13:6 If thy brother, the son of thy mother, or thy son, or thy daughter, or the wife of thy bosom, or thy friend, which is as thine own soul, entice thee secretly, saying, Let us go and serve other gods, which thou hast not known, thou, nor thy fathers;
13:7 Namely, of the gods of the people which are round about you, nigh unto thee, or far off from thee, from the one end of the earth even unto the other end of the earth;
13:8 Thou shalt not consent unto him, nor hearken unto him; neither shall thine eye pity him, neither shalt thou spare, neither shalt thou conceal him:
13:9 But thou shalt surely kill him; thine hand shall be first upon him to put him to death, and afterwards the hand of all the people.
13:10 And thou shalt stone him with stones, that he die; because he hath sought to thrust thee away from the LORD thy God, which brought thee out of the land of Egypt, from the house of bondage.
15:12 And they entered into a covenant to seek the LORD God of their fathers with all their heart and with all their soul;
15:13 That whosoever would not seek the LORD God of Israel should be put to death, whether small or great, whether man or woman.
15:14 And they sware unto the LORD with a loud voice, and with shouting, and with trumpets, and with cornets.
5:18 For verily I say unto you, Till heaven and earth pass, one jot or one tittle shall in no wise pass from the law, till all be fulfilled.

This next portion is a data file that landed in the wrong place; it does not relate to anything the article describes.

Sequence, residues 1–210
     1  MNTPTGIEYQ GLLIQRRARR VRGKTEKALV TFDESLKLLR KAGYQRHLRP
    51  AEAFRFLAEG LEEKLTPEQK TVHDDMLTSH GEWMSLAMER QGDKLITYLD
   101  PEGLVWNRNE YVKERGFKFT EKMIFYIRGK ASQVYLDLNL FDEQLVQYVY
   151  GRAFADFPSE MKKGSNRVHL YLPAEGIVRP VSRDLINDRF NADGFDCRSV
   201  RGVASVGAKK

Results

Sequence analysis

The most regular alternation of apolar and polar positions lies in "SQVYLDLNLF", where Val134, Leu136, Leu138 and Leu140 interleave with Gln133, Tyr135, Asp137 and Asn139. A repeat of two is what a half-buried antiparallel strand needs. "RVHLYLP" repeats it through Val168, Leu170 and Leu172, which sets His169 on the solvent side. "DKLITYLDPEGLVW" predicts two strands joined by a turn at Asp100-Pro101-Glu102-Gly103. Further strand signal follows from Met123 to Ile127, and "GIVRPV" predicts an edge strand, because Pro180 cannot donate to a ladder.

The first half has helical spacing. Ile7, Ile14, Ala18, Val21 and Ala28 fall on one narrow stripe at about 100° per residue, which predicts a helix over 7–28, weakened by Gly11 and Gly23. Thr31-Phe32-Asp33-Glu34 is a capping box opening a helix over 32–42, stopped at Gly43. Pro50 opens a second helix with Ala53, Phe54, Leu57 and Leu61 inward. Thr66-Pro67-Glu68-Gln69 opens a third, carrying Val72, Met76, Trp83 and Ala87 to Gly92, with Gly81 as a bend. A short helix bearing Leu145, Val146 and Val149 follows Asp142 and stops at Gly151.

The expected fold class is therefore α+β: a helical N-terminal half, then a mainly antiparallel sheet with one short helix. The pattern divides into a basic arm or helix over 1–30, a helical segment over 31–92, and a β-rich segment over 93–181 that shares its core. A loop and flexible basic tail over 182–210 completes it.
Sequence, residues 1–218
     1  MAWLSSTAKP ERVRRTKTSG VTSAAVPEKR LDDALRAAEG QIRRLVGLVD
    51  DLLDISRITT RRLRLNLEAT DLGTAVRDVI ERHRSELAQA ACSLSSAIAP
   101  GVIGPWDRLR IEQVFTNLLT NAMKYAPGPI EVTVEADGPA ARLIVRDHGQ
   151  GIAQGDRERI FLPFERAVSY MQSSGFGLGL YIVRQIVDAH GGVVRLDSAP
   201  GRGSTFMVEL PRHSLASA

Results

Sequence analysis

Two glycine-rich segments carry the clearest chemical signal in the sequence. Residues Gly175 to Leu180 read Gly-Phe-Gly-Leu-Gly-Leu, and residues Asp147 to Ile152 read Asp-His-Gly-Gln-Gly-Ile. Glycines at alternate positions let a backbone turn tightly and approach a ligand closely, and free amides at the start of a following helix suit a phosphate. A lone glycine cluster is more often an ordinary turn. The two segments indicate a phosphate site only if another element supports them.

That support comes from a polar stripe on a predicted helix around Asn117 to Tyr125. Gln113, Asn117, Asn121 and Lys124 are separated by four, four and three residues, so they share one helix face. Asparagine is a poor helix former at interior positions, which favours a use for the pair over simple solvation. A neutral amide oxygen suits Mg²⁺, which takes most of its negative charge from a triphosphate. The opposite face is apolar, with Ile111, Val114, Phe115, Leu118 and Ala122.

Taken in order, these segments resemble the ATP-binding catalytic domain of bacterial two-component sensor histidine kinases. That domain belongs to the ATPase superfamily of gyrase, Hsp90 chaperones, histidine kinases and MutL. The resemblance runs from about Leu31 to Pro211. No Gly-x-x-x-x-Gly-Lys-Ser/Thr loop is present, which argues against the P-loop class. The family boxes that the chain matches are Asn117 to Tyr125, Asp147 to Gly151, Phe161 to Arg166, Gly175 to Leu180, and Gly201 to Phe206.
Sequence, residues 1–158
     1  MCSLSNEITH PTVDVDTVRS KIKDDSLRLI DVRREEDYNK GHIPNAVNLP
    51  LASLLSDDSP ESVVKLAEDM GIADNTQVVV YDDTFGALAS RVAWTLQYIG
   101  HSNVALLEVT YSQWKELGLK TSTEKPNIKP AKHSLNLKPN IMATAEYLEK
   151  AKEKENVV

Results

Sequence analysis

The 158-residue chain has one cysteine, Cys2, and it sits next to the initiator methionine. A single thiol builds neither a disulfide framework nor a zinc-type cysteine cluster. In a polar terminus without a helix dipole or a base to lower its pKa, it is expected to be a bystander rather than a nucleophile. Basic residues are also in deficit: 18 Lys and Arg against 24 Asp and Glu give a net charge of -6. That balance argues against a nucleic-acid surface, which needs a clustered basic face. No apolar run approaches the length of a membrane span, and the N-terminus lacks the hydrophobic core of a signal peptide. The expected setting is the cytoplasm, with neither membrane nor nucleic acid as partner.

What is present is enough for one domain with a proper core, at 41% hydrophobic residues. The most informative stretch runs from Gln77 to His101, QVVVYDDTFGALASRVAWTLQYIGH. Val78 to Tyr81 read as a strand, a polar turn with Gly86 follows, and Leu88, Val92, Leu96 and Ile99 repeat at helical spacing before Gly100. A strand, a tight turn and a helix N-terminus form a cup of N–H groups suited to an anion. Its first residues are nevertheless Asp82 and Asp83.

5:19 Whosoever therefore shall break one of these least commandments, and shall teach men so, he shall be called the least in the kingdom of heaven: but whosoever shall do and teach them, the same shall be called great in the kingdom of heaven.
16:17 And it is easier for heaven and earth to pass, than one tittle of the law to fail.
"More prosaically, one must never approach inquisition documents from Languedoc with the Cathari in hand. No person, whether mendicant inquisitor or the men, women, and children they questioned, ever used the noun ‘Cathar’ to describe heretics in, for instance, the Toulousain, the Lauragais, or in the pays de Foix. Instead, it was always, with no exceptions, boni homines, bone femine, bons omes, bonas femnas, good men and good women; while the good men and good women themselves frequently referred to each other as ‘the friends of God’. ‘Cathar’ (apparently first used in the middle of the twelfth century by a group of heretics from Cologne, or so Eckbert of Schönau wrote in his Sermones contra Catharos of 1163) is, and always has been, deeply misleading and applied in such an indiscriminate way by modern historians as to make it, for all intents and purposes, a useless term."
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